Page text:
On 21 March 2014 03:45, Noah Misch <n...@leadboat.com> wrote: >> + * Note that Hot Standby only knows about AccessExclusiveLocks on the master >> + * so any changes that might affect SELECTs running on standbys need to use >> + * AccessExclusiveLocks even if you think a lesser lock would do, unless you >> + * have a solution for that also. > > Out of curiosity, do SELECTs on hot standbys impose known challenges in this > area not shared with local SELECTs?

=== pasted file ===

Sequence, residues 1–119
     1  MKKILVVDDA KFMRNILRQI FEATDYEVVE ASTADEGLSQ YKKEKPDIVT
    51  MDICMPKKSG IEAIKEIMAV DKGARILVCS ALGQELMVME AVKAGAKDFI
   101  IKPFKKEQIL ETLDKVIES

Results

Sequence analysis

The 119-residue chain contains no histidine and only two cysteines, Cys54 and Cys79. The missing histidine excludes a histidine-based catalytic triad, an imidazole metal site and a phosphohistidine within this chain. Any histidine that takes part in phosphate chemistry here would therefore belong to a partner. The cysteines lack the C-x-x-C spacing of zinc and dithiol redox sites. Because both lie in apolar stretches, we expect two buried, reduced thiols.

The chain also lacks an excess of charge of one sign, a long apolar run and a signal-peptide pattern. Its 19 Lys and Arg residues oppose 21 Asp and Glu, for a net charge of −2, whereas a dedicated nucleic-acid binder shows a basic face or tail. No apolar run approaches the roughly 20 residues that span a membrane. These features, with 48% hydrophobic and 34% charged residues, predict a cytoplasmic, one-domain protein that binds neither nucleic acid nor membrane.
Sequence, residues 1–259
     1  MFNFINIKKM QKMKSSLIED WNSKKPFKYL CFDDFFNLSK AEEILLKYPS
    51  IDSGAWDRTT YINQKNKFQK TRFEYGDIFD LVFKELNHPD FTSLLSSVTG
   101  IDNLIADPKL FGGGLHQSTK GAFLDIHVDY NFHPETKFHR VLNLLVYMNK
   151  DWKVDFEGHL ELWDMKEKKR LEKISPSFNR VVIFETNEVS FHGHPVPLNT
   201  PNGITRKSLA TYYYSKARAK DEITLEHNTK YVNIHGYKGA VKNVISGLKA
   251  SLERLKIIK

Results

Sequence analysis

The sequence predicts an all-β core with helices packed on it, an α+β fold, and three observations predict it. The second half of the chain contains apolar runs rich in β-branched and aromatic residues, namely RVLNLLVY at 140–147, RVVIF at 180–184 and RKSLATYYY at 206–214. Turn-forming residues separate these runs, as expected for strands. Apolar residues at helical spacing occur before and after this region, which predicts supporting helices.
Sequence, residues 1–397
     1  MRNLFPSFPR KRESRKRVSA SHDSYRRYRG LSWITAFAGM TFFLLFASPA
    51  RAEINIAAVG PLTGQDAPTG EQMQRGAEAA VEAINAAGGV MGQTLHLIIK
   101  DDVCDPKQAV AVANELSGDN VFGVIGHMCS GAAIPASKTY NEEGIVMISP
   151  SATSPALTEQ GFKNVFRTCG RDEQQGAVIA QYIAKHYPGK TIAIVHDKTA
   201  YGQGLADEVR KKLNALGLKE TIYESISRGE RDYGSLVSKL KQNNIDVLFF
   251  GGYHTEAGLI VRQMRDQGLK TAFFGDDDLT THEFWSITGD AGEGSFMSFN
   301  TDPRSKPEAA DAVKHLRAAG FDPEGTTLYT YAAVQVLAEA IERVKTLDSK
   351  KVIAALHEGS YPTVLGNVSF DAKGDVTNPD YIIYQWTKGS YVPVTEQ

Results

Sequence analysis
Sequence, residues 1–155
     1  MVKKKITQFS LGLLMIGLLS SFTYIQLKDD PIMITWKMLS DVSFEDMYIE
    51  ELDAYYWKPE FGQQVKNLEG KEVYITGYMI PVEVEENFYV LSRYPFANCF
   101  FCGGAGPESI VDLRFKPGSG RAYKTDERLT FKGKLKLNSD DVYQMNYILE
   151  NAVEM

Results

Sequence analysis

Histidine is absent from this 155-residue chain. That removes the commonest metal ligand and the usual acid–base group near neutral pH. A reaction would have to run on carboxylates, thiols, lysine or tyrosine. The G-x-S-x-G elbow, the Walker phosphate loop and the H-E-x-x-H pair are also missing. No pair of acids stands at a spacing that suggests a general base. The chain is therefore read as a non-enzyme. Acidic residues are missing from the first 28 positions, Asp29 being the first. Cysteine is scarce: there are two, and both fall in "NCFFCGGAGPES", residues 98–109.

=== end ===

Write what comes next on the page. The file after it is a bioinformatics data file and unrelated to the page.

No, but locks less than AccessExclusiveLock won't happen at all, so its a difference that if improperly handled could cause a bug. Plus I wanted to indicate I'd thought about it. >> - * 2. Relcache needs to be internally consistent, so unless we lock the >> - * definition during reads we have no way to guarantee that. > > I looked for hazards like this, but I found none in the ALTER forms covered by > this patch. None of them modify multiple catalog rows affecting the same > relcache entry. However, thinking about that did lead me to ponder another > class of hazards. When backends can use one or more relations concurrently > with a DDL operation affecting those relations, those backends can find > themselves running with a subset of the catalog changes made within a > particular DDL operation. Consider VALIDATE CONSTRAINT against an inherited > constraint of an inheritance parent. It validates child table constraints, > modifying one catalog row per table. At COMMIT time, we queue sinval messages > for all affected tables. We add to the queue in atomic groups of > WRITE_QUANTUM (64) messages. Between two such groups joining the queue, > another backend may process the first group of messages. If the original DDL > used AccessExclusiveLock, this is always harmless. The DDL-issuing backend > still holds its lock, which means the inval-accepting backend must not have > the relation open. If the inval-accepting backend later opens the affected > relation, it will first acquire some lock and process the rest of the > invalidations from the DDL operation. When doing DDL under a weaker lock, the > inval-accepting backend might apply half the invalidations and immediately use > them in the context of an open relation. For VALIDATE CONSTRAINT, this means > a backend might briefly recognize only a subset of the inheritance tree > becoming valid. (I did not actually build a test case to confirm this.) > > Considering that constraint exclusion is the sole consumer of > convalidated/ccvalid that can run in parallel with VALIDATE CONSTRAINT, I > think this is harmless. I did not find problems of this nature in any ALTER > TABLE forms affected by the patch. Let's just keep it in mind during future > lock level changes. I'll document > pg_get_constraintdef_mvcc() still does syscache lookups by way of > decompile_column_index_array(), get_constraint_index(), and > deparse_expression_pretty(). It uses MVCC for things that matter for pg_dump > vs. reduced lock levels, but not comprehensively. I recommend not adding a > new function and instead changing pg_get_constraintdef() to use the > transaction snapshot unconditionally. OK -- Simon Riggs http://www.2ndQuadrant.com/ PostgreSQL Development, 24x7 Support, Training & Services -- Sent via pgsql-hackers mailing list (email@example.com) To make changes to your subscription: http://www.postgresql.org/mailpref/pgsql-hackers